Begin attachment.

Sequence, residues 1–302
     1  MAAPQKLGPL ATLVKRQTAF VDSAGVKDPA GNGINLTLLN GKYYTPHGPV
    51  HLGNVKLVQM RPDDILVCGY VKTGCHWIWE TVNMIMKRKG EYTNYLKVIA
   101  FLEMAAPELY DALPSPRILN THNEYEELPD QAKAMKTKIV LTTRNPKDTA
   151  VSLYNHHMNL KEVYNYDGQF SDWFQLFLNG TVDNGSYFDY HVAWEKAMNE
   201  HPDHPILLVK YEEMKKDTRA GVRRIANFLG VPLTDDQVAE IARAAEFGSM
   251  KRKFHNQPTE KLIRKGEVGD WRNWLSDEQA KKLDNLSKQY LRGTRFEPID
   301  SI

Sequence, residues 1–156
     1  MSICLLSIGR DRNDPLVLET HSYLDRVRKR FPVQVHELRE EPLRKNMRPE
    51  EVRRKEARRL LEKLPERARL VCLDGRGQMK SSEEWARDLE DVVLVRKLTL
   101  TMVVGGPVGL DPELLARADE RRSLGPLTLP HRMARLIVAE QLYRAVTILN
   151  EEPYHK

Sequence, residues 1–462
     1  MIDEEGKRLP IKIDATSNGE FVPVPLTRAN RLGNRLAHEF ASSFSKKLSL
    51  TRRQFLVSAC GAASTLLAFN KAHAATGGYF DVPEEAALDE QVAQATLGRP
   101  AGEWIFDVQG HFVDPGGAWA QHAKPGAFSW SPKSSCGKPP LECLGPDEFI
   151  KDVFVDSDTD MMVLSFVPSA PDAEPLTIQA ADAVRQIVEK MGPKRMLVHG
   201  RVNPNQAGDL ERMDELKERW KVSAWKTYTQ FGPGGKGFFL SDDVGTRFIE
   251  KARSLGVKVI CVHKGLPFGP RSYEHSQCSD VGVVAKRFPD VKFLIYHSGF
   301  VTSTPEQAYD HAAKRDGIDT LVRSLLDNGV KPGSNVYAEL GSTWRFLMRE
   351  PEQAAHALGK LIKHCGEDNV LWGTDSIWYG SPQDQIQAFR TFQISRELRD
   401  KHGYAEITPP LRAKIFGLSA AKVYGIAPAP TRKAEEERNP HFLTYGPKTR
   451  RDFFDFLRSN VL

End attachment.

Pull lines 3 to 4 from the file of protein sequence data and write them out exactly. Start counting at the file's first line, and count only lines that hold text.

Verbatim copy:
    51  HLGNVKLVQM RPDDILVCGY VKTGCHWIWE TVNMIMKRKG EYTNYLKVIA
   101  FLEMAAPELY DALPSPRILN THNEYEELPD QAKAMKTKIV LTTRNPKDTA